The percentage of U.S. middle and high school students who use electronic cigarettes, or e-cigarettes, more than doubled from 2011 to 2012, according to data published by the Centers for Disease Control and Prevention. The findings from the National Youth Tobacco Survey show that the percentage of high school students who reported ever using an e-cigarette rose from 4.7 percent in 2011 to 10.0 percent in 2012. In the same time period, high school students using e-cigarettes within the past 30 days rose from 1.5 percent to 2.8 percent. Use also doubled among middle school students. Altogether, in 2012 more than 1.78 million middle and high school students nationwide had tried e-cigarettes.
"The increased use of e-cigarettes by teens is deeply troubling," said CDC Director Tom Frieden, M.D., M.P.H. "Nicotine is a highly addictive drug. Many teens who start with e-cigarettes may be condemned to struggling with a lifelong addiction to nicotine and conventional cigarettes."
Cigarette smoking remains the leading preventable cause of disease, disability, and death in the United States, responsible for an estimated 443,000 deaths each year. And for every one death, there are 20 people living with a smoking-related disease.
The study also found that 76.3 percent of middle and high school students who used e-cigarettes within the past 30 days also smoked conventional cigarettes in the same period. In addition, 1 in 5 middle school students who reported ever using e-cigarettes say they have never tried conventional cigarettes. This raises concern that there may be young people for whom e-cigarettes could be an entry point to use of conventional tobacco products, including cigarettes.
“About 90 percent of all smokers begin smoking as teenagers,” said Tim McAfee, M.D., M.P.H., director of the CDC Office on Smoking and Health. “We must keep our youth from experimenting or using any tobacco product. These dramatic increases suggest that developing strategies to prevent marketing, sales, and use of e-cigarettes among youth is critical.”
Electronic cigarettes, or e-cigarettes, are battery-powered devices that provide doses of nicotine and other additives to the user in an aerosol. E-cigarettes not marketed for therapeutic purposes are currently unregulated by the Food and Drug Administration. The FDA Center for Tobacco Products has announced that it intends to expand its jurisdiction over tobacco products to include e-cigarettes, but has not yet issued regulatory rules. Because e-cigarettes are largely unregulated, the agency does not have good information about them, such as the amounts and types of components and potentially harmful constituents.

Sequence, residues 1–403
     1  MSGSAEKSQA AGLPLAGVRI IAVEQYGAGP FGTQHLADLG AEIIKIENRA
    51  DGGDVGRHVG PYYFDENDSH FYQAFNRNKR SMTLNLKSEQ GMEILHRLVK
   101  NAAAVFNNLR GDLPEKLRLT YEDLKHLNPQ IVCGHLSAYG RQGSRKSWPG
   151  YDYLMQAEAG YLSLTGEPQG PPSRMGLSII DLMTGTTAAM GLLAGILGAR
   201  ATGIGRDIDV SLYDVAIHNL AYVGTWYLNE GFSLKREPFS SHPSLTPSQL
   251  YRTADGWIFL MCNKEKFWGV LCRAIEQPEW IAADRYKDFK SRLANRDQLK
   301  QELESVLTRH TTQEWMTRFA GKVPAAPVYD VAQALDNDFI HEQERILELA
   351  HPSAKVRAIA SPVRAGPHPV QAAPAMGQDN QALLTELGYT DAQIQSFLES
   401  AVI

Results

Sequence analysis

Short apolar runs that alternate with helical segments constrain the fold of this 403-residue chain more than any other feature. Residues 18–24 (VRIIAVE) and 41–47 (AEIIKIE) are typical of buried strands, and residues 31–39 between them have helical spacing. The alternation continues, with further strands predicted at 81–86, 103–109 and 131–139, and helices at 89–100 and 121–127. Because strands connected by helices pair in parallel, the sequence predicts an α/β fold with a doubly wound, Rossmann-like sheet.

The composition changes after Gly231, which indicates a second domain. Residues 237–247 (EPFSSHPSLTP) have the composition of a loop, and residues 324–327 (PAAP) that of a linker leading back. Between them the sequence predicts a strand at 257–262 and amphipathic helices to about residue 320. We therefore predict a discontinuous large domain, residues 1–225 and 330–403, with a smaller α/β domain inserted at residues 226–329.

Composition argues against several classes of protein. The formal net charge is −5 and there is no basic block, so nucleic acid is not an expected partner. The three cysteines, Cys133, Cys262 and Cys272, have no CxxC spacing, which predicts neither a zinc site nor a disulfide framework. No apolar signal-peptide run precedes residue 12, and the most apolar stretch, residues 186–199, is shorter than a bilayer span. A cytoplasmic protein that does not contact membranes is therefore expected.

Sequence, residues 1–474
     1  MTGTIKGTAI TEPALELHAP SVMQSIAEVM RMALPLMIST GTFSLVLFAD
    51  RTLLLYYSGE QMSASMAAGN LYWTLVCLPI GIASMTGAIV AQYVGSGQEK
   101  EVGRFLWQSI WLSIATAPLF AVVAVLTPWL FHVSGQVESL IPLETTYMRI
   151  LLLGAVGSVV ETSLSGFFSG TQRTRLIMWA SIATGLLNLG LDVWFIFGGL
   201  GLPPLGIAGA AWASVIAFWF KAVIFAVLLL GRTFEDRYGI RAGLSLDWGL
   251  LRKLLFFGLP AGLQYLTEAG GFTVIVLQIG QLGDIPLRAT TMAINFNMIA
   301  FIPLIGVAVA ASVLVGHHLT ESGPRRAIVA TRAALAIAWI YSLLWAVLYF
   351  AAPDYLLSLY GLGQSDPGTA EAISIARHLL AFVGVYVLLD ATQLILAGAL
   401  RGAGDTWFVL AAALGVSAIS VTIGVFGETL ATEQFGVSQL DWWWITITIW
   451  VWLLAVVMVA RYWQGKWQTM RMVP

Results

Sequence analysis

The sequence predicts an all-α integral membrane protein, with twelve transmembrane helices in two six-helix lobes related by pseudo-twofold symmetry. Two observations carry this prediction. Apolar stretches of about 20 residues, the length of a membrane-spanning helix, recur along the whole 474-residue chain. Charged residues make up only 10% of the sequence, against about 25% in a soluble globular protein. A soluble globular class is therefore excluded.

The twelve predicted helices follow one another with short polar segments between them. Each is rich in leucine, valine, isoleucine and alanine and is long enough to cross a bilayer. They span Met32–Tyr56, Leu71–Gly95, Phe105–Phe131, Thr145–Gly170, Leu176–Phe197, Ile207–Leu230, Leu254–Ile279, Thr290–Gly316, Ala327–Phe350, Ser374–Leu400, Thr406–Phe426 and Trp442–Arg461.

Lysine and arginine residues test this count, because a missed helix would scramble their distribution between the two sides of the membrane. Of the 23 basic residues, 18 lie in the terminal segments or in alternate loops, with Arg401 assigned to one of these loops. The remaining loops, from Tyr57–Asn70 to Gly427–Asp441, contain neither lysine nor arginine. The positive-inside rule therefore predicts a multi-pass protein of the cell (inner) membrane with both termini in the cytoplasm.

“These data show a dramatic rise in usage of e-cigarettes by youth, and this is cause for great concern as we don’t yet understand the long-term effects of these novel tobacco products,” said Mitch Zeller, director of the FDA’s Center for Tobacco Products. “These findings reinforce why the FDA intends to expand its authority over all tobacco products and establish a comprehensive and appropriate regulatory framework to reduce disease and death from tobacco use.”
Although some e-cigarettes have been marketed as smoking cessation aids, there is no conclusive scientific evidence that e-cigarettes promote successful long-term quitting. However, there are proven cessation strategies and treatments, including counseling and FDA-approved cessation medications.
See the CDC Announcement